Paul Stanley says he doesn’t “see a reason” for KISS to record new music before they go their separate ways following the conclusion of their “End Of The Road” farewell tour.
“I don’t really see a reason for it, to be quite honest,” he tells USA Today. “For the most part, when classic bands put out new albums, they’re looked at and listened to and thrown away because they don’t have the gravitas, they don’t have the age that comes with something being a time capsule or being attached to a certain period of your life.”
Stanley says the fans only want to hear bands play the hits on their tours, adding he’s “not alone” in his thinking. His comments also come after Gene Simmons stated KISS was not “incentivized” to release new material.
“When you see any classic bands on TV or if there’s a concert video, turn off the sound and I’ll tell you every time they’re playing a new song because the audience sits down,” he explains. “So it’s odd to me that people always want you to do a new album, but then they go, ‘That’s great. Now play your hits.’ So honestly, at this point, there isn’t a real reward in it.”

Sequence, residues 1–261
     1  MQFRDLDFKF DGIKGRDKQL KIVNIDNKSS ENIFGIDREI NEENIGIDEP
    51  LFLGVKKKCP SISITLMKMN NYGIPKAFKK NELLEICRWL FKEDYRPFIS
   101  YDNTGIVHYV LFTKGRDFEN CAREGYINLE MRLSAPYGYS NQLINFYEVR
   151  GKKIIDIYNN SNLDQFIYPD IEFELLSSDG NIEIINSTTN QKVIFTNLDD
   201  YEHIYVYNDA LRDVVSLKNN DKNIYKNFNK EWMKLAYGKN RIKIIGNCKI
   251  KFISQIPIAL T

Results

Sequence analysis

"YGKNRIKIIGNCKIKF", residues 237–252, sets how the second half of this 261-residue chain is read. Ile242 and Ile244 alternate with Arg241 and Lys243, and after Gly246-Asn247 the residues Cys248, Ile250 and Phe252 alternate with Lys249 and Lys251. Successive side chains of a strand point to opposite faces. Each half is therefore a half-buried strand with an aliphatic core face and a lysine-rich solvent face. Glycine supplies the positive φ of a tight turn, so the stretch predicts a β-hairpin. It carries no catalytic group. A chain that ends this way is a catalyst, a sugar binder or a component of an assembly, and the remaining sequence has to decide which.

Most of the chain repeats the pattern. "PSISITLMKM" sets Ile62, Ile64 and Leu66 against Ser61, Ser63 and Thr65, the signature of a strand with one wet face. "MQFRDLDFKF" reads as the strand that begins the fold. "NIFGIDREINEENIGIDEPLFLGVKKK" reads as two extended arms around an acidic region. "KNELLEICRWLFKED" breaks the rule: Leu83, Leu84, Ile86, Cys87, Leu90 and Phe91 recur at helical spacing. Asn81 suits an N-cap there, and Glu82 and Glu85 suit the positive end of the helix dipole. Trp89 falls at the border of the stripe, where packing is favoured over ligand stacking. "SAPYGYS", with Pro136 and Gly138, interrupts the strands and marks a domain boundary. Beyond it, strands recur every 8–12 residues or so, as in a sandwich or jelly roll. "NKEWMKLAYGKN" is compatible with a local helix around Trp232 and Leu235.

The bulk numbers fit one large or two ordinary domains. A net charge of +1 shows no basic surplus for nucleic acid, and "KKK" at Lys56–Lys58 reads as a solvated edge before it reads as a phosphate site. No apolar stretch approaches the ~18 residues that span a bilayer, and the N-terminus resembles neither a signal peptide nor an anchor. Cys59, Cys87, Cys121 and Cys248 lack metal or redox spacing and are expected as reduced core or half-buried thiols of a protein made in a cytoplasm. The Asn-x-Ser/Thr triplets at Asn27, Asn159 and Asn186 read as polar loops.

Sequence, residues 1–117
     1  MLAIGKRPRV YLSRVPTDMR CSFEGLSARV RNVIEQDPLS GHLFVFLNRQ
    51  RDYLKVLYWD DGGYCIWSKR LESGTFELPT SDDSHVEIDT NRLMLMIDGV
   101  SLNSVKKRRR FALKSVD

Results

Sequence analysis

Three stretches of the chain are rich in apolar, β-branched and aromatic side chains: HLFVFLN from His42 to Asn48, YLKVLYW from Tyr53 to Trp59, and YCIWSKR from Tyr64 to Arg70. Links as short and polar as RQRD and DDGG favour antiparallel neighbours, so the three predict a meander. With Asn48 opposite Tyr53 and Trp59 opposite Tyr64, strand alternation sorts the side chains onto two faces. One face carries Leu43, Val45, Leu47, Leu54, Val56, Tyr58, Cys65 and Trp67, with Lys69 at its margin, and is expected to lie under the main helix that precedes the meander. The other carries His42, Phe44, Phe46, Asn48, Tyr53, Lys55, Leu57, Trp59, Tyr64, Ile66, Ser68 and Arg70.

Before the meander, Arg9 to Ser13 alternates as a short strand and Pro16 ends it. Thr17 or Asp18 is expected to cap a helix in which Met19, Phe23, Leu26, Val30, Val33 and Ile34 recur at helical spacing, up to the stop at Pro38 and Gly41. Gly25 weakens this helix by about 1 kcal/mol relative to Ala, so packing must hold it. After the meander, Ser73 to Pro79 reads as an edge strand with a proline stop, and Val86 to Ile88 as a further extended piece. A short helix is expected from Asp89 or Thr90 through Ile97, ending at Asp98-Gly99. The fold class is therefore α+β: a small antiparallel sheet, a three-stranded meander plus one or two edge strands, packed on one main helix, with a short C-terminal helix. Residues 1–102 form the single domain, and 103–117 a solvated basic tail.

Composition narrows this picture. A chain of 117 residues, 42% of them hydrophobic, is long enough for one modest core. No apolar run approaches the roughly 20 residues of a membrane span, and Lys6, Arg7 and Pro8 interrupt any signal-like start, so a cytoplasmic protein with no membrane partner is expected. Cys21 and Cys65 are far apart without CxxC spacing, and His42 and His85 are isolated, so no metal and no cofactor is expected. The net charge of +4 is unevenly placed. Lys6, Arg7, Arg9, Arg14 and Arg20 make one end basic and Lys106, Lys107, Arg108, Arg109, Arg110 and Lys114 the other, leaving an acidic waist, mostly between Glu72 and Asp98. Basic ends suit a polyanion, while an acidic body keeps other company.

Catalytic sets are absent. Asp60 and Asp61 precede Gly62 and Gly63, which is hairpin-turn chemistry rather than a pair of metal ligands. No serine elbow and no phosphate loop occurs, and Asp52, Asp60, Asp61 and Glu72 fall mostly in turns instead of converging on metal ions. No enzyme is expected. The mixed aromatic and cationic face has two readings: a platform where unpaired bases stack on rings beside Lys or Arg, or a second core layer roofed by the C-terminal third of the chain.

While the band’s last album of new music was 2012’s Monster, Stanley is releasing his debut album from his Soul Station side project.
“There’s much more of a reward in changing lanes — I’m still going forward,” he says of his own path. “But in terms of recording more KISS material, I kind of go, ‘Why?’ I thought ‘Modern Day Delilah’ or ‘Hell Or Hallelujah’ were as good as anything I’ve written and as good as anything we recorded, but understandably, it’s like new wine. It just hasn’t aged. So I’d rather not try to roll a stone up the hill.”
KISS’s farewell tour has the band currently scheduled for stops in Europe and North America later this year.